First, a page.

This is not who had the best draft class. This is not who will get the most value compared to their picks. This is purely trying to answer the question of which teams will get the most impact from their rookies in the 2020 season? While this is my opinion, it’s also based on what we’ve been hearing from beat writers in terms of playing time and standing on respective depth charts.
This one is almost cheating. The Bengals are the only NFL team that will start a rookie quarterback in Week 1. With how much potential value comes from that position, comparing the Bengals' Year 1 group to other rookie classes isn’t quite apples to apples. It’s not just that Joe Burrow plays quarterback, however. According to pretty much everyone around Bengals camp, Burrow is already playing the position at a high level.
Just spoke to a source in Cincinnati to get an update on Joe Burrow.
“As accurate as I have seen from a QB in a long time. He is also a better athlete than I thought he was going to be. He has a really cool confidence to him, the guys are already bought into him” #Bengals
— Dianna Russini (@diannaESPN) August 20, 2020
The numbers back that up, as his 71.7% accuracy rate in 2019 at LSU was the highest we’ve ever charted. I thought so highly of his 2019 season and how he should translate to the league, that I predicted he’ll be a top-10 quarterback in Year 1.
While he’s the only Bengals rookie currently listed as a starter, there’s a path for others to see the field. Second-rounder Tee Higgins is WR4 and will be on the field immediately if injuries strike to their starters (with John Ross‘ and A.J. Green’s health of late, that’s almost a given). Also, their drafted trio of linebackers (Logan Wilson, Akeem Davis-Gaither and Markus Bailey) could all fight for time and starting roles as the season wears on.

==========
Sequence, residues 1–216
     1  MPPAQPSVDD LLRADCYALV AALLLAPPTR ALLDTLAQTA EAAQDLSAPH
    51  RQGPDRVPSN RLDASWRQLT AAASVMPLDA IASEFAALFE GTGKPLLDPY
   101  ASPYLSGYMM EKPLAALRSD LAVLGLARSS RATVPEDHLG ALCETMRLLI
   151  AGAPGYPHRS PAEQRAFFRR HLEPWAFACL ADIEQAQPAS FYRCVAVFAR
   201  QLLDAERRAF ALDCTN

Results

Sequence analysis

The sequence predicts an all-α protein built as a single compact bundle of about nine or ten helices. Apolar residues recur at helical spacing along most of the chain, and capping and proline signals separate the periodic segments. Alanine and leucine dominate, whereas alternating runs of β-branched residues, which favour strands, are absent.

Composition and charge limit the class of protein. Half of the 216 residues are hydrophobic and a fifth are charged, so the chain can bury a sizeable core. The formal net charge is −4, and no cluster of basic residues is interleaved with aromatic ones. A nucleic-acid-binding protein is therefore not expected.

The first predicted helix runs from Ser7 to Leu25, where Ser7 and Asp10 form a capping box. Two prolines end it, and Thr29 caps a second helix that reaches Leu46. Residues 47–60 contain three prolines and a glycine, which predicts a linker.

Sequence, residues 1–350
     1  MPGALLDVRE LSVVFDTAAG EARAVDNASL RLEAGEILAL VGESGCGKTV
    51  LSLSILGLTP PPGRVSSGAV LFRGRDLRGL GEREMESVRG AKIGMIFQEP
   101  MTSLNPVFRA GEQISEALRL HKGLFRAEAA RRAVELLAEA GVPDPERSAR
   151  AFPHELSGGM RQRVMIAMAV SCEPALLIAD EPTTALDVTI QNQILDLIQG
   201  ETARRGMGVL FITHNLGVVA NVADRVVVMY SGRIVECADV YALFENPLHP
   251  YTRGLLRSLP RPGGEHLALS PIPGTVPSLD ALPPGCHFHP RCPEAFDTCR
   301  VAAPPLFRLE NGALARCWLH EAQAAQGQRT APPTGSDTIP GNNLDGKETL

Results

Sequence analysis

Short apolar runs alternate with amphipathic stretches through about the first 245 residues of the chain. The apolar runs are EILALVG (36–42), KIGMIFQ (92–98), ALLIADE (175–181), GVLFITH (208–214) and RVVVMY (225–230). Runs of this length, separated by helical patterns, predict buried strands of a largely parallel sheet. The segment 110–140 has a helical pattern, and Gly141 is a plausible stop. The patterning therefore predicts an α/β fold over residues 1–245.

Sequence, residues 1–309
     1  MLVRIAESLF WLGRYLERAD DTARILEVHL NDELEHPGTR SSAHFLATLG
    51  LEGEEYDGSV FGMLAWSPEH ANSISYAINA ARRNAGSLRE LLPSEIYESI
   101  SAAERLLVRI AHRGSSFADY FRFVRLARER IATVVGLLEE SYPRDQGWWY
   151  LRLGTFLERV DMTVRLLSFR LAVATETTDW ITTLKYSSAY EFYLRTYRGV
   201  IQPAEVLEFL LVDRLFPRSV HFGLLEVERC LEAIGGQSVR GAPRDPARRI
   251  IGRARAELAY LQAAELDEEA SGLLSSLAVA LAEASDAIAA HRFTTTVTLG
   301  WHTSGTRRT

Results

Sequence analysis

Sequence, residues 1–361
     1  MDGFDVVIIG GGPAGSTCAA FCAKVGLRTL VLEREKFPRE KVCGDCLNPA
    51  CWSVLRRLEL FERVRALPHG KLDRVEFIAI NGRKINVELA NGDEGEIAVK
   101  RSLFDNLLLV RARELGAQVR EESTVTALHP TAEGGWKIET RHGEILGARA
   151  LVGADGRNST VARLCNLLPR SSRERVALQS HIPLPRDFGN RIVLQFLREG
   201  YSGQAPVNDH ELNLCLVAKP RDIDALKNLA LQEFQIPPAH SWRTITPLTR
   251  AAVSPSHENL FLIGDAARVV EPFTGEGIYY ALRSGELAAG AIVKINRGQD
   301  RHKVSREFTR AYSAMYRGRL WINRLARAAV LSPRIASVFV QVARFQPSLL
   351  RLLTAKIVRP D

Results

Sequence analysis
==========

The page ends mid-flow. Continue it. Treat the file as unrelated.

With their first two picks in the 2020 NFL Draft, the Cowboys got two top-32 players on the PFF draft board at two valuable positions, and both will be starting in Week 1 (WR3 is a starter in Mike McCarthy’s offense). That’s a pretty good trifecta. By all accounts, receiver CeeDee Lamb has been dominant in camp. He was the sixth-ranked player on PFF’s draft board — only one slot behind Jerry Jeudy for top receiver in the class. Considering Mike McCarthy used 11 personnel on 75.6% of his snaps his last season in Green Bay, Lamb will see the field a lot.
While I don’t foresee second-round corner Trevon Diggs hitting the ground as smoothly as Lamb, I still thought he was an NFL-ready prospect. In his first year back from a serious foot injury, Diggs was lights-out in all but one game last year. That single performance was poor enough to torpedo his draft stock to the second round, though. Diggs got turned into a pretzel by LSU’s Ja’Marr Chase.
Ja'Marr Chase opt-out makes a ton of sense. He's the clear-cut WR1 in 2021, top-five player in the class.
loved his tape against trevon diggs, showed he can play bully ball at the LOS and burn people downfieldpic.twitter.com/CveGTcQojp